Screeding the Concrete

To screed is to level the wet concrete using a long, straight board. This commonly takes at least three people, depending on the size of the concrete driveway. This is done as soon as the concrete is in the forms.

Initial Edging of the Concrete

A cement mason shapes the edges of the slab using a concrete edger (tool).

Floating the Concrete Surface

This is the smoothing that takes place after screeding. It can be done with a small hand float, a long-handled bull float, or even a power float (power trowel). While screeding can be done by novices, floating is done by a more-experienced cement mason.

Joint Control Creation

Eventually, your concrete driveway will have cracks. It makes no difference how good your base supports the concrete, how good the cement mix is, or how good the workmanship is. Warm summers, cold Alberta winters, and years of use will cause cracks in the concrete surface. Creating control joints helps control where cracks will occur. This is done by cutting into the concrete slab to one-fourth of its thickness.

Hand-troweling the Concrete

A cement mason will kneel on a board laid over the slab and smooth it even more with a trowel or hand float. This is done during the pour and can be done later as touch ups.

Final Edging of the Concrete

This is the last time that the mason will shape the edges of the concrete and along the control joints as the concrete is now setting.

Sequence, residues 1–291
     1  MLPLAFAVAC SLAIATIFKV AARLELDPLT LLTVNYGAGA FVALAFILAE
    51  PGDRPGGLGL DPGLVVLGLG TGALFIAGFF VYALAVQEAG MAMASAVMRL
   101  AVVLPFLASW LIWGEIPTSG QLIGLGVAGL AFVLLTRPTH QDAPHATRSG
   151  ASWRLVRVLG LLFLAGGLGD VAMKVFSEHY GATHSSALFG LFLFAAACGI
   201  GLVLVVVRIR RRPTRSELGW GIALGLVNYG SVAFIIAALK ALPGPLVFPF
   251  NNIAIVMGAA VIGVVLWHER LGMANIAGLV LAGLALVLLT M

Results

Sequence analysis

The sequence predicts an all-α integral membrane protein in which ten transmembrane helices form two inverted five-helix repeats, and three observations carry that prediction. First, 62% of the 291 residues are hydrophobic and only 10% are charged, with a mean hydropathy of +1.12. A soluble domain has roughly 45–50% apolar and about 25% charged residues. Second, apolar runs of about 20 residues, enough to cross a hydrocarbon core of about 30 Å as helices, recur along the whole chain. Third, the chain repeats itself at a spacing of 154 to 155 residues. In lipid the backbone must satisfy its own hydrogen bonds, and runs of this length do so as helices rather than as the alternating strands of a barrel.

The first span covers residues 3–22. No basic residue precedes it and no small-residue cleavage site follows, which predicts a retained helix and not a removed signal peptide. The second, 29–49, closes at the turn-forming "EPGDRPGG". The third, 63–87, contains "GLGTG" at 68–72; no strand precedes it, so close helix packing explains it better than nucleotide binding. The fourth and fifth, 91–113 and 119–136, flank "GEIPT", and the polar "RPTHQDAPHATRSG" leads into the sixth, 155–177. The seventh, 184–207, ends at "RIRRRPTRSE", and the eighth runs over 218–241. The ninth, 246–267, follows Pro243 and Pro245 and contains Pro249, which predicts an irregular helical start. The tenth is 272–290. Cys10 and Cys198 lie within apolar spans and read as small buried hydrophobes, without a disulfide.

Brooming the Concrete

This is just like it sounds. The mason uses a broom to add texture to the concrete surface. This is also when other finishes or surface textures are introduced, such as with decorative concrete.

Curing the Concrete

The cement mason sprays the slab with a curing agent and a sealer to finish off the job.

Specific Skills Required for Finishing a Concrete Driveway Surface

If these lists of steps have not answered your question, “Why can’t I buy cement and make my own driveway,” there is more.

When you are pouring a driveway is not the time to learn how to pour and finish concrete. If you really want to buy the cement and do the job yourself, start with a concrete slab next to your tool shed. When you have gotten that right after a few tries, you might consider a slightly larger project. Unfortunately, when you get up to large “flatwork” projects like driveways, you need to train a crew as well.

Finishing cement correctly is an art. When the cement mason uses floats and trowels, it is not just to smooth the surface. The idea is to push the gravel in the concrete just below the surface to leave a top layer of “cream” composed of sand, cement, and water.

How to Pour a Concrete Driveway

There is a skill in doing this part in that the mason needs to work the surface just enough and then stop. Finishing too soon often results in a weak top surface that will flake or “spall.” Waiting too long to start means the surface will not smooth out easily and you will end up overworking it and also getting a weak top surface that flakes.

The concrete driveway will last for thirty years. You would rather that it did not start out with areas flaked off the first year! For more information about concrete driveways, decorative concrete driveway surfaces, or pricing, contact us at Patriarch Construction.